There is no reason why Marwan Barghouti can’t meet with his lawyers, and such a meeting will be arranged in the near future, the Israel Prison Service told the attorneys of the senior Fatah figure Wednesday.
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Barghouti, who is serving five life terms plus 40 years in Israel for direct involvement in three terror attacks that killed five people, is a prominent leader of the hunger strike called this week by Palestinian prisoners in Israel to demand better conditions.
On Tuesday, several attorneys representing hunger-striking prisoners said the Israel Prison Service had barred them from meeting with their clients on the grounds that their clients were being held in solitary confinement.
Barghouti’s lawyers, Abeer Baker and Elias Sabbagh, promptly asked the Justice Ministry’s High Court division to overrule the ban and threatened to petition the High Court of Justice if it did not. The Palestinian Prisoners Society filed a similar request.
On Wednesday, the legal advisor for the Prison Service’s northern district phoned Baker and Sabbagh to tell them they would be allowed to meet with Barghouti.
“From the start, we said there was no legal basis for preventing the meeting,” Baker told Haaretz. “We hope no such illegal moves will recur in the future, toward Barghouti or any other prisoner.”
She added that the decision in Barghouti’s case, which was made in conjunction with defense officials and senior government attorneys, also applied to the other hunger strikers.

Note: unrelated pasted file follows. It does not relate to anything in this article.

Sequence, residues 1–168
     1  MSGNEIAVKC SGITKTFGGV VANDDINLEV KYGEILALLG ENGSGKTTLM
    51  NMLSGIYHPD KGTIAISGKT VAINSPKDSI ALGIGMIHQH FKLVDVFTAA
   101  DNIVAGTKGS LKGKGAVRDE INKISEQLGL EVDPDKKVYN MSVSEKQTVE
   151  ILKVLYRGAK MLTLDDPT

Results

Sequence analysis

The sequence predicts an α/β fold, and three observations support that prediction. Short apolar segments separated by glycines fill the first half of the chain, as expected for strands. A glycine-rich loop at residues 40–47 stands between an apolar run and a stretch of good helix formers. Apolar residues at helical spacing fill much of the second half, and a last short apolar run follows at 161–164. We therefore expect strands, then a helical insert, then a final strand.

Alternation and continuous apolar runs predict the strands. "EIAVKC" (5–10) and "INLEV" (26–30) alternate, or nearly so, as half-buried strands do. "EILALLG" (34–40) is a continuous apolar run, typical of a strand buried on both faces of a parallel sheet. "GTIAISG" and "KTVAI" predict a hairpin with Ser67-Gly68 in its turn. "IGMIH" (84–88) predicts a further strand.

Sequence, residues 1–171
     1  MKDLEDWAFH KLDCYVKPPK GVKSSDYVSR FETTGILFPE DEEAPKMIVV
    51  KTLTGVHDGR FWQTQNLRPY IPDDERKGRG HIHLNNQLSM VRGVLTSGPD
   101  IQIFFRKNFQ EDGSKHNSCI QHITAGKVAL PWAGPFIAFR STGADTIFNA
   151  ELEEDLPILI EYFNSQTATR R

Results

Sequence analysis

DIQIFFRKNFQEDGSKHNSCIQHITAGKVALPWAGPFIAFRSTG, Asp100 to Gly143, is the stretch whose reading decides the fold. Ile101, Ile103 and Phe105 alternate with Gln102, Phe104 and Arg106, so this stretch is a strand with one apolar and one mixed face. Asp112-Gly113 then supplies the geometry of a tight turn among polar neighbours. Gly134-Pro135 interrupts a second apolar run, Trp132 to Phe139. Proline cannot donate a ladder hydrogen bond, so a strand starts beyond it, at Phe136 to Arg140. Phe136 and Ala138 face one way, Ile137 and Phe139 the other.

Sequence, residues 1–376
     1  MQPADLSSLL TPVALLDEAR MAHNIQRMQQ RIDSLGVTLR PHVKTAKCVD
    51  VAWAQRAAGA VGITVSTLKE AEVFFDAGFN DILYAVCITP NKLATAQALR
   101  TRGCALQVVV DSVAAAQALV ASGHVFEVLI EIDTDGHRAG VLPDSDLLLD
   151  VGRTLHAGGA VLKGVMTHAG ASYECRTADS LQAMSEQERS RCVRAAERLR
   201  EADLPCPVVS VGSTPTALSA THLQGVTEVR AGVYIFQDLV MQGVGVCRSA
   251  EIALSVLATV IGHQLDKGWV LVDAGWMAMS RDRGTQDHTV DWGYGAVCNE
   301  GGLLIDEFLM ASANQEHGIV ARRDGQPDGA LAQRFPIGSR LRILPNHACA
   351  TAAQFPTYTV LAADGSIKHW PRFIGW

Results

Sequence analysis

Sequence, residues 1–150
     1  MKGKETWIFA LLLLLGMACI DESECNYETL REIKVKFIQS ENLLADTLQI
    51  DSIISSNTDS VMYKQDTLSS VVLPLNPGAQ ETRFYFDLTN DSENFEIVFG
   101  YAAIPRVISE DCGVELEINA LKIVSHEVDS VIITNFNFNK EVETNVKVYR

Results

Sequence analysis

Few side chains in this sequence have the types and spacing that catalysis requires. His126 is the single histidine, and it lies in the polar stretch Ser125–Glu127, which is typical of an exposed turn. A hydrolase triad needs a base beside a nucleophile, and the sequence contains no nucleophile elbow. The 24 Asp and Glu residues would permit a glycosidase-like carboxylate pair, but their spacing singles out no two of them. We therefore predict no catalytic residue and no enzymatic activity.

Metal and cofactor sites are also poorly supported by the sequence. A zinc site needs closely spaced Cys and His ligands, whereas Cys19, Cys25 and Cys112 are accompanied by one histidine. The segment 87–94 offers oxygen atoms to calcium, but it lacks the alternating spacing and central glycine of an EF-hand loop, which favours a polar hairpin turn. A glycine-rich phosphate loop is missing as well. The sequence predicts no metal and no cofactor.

Several other lawyers have already requested meetings with clients who, like Barghouti, were put in isolation cells after the hunger strike began.
Four of the prisoners plan to petition the High Court of Justice on Thursday, demanding improvements to the way they are transported to and from prison in general and better conditions in the vehicles in particular. The petition will argue that even though this issue has been discussed in court before, the Israel Prison Service refuses to make the necessary changes.
Anu Deuelle-Luski, the lawyer who drafted the petition, said the problem affects the entire Israeli prison system. She described cases in which prisoners had no other choice but to urinate in bottles while being transported, and others in which the journey caused severe deterioration in the condition of sick prisoners.
The egregious transport conditions “don’t just infringe on the prisoners’ right to minimal prison conditions and living conditions, but in practice also lead to infringements on their rights to access to the courts and to obtain reasonable medical treatment, because these prisoners simply prefer to skip the difficult travel experience and refrain from traveling to hearings or to get medical treatment,” Deuelle-Luski added.
Also on Wednesday, the PLO’s commission for prisoner affairs voiced fears that Israel would start force-feeding the hunger strikers. Issa Qaraqe, the commission’s chairman, added that the number of hunger-striking prisoners rose to 1,500 in the past two days, and he expects it to continue climbing.
Dozens of Palestinians demonstrated in front of the International Committee of the Red Cross office in East Jerusalem in support of the strikers on Wednesday. The protesters urged the international community to intervene to ensure that the prisoners’ demands were met.